The interesting thing about BlackBerry is that it is not suited to a single buyer. In my view, a BlackBerry acquisition deal that makes sense is a complex one involving an end game with more than a single buyer.
BlackBerry can be seen as four separate units with a combined value in the range of $10 to $14 billion, give or take a little.
- The handset business - $2 to $3 billion;
- BES 10.1 mobile device management - $5 to $6 billion;
- BBM messaging service -$1 to $2 billion; and,
- A broad and deep patent portfolio - $2 to $3 billion.
The handset business
The handset business is the most challenged but has a commanding brand in certain markets. It could be of interest to device assemblers with low costs and a desire to expand outside of North America. Lenovo has from time to time expressed interest in BlackBerry but perhaps the entire company is beyond its means. On the other, an outlay of $2 or $3 billion for the handset business alone (supported by appropriate patent licensing and network support agreements) could make sense. Hewlett Packard (NYSE:HPQ) might similarly benefit from owning the handset business, as might Dell (NASDAQ:DELL). Other Asian players such as HTC and ZTE might find the handset business an attractive addition to their offerings, allowing them the flexibility to use either the BB10 operating system or Android, with BB10 providing an escape route if Google either pulls Android or begins to charge for it.
BlackBerry Enterprise Service 10.1 (BES 10.1)
BES 10.1 is a world class mobile device management system. Its logical home in my view is the refocused Nokia (NOK), which could easily pay $5 or $6 billion for this unit and come out ahead. Unlinked from BlackBerry handsets and providing secure and effective enterprise management of the Bring Your Own Device trend in corporations, the unit would be a terrific fit and add immediately to Nokia profits, in my view. It would also fit well in Microsoft (NASDAQ:MSFT) with its broad enterprise offering and plan to build its mobile presence.
In strong hands, BES 10.1 might become the de facto gold standard for corporations, and even with a monthly fee of only a few dollars per device, the potential is very high with billions of devices in use.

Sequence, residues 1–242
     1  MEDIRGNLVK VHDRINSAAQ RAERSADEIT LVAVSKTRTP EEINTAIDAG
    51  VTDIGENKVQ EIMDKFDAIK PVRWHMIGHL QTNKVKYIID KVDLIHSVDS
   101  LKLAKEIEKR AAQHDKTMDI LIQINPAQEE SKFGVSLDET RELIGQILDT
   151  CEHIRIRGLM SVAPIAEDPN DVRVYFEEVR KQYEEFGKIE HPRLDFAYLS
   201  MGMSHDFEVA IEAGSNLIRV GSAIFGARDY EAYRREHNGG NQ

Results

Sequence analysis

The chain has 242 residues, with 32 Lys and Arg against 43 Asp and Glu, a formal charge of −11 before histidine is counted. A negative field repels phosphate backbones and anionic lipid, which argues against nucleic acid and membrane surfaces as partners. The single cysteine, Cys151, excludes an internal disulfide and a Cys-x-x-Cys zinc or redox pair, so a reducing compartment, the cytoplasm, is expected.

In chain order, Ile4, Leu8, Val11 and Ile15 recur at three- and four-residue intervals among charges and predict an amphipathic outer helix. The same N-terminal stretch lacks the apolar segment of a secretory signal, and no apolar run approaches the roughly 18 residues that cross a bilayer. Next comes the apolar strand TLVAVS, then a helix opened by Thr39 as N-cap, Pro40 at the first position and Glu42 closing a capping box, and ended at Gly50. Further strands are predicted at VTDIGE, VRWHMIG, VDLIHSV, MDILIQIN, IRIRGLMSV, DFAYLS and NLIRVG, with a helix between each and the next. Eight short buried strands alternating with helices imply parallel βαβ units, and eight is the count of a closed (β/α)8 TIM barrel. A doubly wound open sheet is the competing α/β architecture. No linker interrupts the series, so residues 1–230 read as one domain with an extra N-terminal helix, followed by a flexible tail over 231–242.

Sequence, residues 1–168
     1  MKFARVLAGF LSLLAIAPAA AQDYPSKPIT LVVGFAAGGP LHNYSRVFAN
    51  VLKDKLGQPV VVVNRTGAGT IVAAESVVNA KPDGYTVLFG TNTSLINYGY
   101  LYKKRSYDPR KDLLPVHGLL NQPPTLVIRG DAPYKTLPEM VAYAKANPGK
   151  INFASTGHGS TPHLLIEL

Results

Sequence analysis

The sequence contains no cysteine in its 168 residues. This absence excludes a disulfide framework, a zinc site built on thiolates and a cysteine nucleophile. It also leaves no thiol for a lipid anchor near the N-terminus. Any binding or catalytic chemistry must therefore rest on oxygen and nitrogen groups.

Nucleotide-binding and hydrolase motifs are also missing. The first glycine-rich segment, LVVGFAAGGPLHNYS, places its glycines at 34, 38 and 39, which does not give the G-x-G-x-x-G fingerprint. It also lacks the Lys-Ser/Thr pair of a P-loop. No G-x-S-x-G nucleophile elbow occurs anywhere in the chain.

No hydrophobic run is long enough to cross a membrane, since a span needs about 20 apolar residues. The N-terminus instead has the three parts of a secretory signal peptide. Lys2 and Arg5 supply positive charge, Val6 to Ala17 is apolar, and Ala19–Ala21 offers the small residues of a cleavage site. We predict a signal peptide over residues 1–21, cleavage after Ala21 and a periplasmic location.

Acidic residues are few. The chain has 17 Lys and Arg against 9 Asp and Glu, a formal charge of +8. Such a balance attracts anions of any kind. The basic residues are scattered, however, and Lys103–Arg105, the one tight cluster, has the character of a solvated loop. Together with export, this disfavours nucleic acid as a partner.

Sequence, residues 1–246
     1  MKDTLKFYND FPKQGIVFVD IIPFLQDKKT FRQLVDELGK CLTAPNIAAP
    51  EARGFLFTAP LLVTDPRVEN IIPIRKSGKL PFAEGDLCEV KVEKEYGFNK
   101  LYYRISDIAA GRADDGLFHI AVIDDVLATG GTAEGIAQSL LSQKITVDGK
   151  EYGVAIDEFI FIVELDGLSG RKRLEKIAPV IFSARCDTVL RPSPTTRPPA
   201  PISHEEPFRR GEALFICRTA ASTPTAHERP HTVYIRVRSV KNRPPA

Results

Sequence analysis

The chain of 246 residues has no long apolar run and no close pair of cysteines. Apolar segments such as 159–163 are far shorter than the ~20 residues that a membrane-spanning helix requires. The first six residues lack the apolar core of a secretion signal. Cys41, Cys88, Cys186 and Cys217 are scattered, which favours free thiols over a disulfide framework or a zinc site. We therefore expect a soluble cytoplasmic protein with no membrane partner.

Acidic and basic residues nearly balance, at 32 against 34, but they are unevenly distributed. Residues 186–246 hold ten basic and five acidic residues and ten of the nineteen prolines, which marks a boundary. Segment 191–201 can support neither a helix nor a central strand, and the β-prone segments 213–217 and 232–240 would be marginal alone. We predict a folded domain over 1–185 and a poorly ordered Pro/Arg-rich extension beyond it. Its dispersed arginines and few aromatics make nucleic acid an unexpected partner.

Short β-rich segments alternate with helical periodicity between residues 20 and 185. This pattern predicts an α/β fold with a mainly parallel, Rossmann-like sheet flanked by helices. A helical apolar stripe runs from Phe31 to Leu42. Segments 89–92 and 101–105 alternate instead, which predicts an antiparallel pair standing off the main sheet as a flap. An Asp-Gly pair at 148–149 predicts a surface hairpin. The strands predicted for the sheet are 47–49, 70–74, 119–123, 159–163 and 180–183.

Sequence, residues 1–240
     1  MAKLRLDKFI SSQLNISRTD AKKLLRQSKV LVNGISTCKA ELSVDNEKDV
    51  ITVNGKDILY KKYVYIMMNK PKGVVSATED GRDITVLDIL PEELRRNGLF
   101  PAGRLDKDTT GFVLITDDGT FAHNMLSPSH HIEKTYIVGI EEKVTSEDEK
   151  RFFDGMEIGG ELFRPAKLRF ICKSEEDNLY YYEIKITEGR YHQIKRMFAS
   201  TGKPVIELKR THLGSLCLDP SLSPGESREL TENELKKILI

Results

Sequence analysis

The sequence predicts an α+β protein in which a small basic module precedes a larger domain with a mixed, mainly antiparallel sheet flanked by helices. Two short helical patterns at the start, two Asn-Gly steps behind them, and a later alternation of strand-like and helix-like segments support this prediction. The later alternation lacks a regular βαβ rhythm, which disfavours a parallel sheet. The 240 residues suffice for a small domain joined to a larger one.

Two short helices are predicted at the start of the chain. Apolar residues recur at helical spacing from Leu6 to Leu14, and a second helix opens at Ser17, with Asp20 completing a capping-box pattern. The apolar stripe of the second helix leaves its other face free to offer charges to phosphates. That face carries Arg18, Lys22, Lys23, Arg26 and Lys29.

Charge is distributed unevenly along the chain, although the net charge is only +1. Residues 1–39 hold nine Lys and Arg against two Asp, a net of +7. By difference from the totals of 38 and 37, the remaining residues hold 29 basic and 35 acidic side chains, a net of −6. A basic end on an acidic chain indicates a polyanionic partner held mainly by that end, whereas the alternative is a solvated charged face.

BBM messaging is an exciting communications system, rich in its ability to provide instant messaging, shared content and the new "Channels" feature, BBM is a serious competitor to newer entrants like WhatsApp and Viber. As a stand-alone business, BBM running on all major platforms would very likely take the market by storm building on its more than 60 million current users with the potential to grow significantly. I can easily see BBM as a $1 to $2 billion market capitalization company with solid long-term growth and profit prospects.
BlackBerry's patent portfolio should be attractive to many companies in the industry including such players as Microsoft, Lenovo, HP, Dell, Samsung and even Apple. In a world where intellectual property is becoming a key piece of the competitive arsenal, the BlackBerry patent portfolio might be a key weapon or, at a minimum, defensive bastion.
Fairfax itself is interesting. With a market capitalization of about $8 billion and only 20 odd million shares outstanding, Fairfax could get a real boost from a successful BlackBerry, and Prem Watsa has a history of getting things right.
Maybe Fairfax has a more complex transaction in mind. Take BlackBerry private, sell of the handset business, spin off BBM messaging and sell the patent portfolio (retaining a non-exclusive license) and keep BES 10.1 to build for the long term. Or maybe he just puts BlackBerry into play and gets taken out at a premium. Either way, Fairfax might be a big winner.
I like the scenario where Fairfax becomes a long-term investor in BlackBerry Enterprise Services. If Fairfax does succeed in taking BlackBerry private, I will go along for the ride.
Additional disclosure: I hold calls on BlackBerry at various strikes with various expiry dates. I do not currently hold a position in Fairfax Financial Holdings Ltd.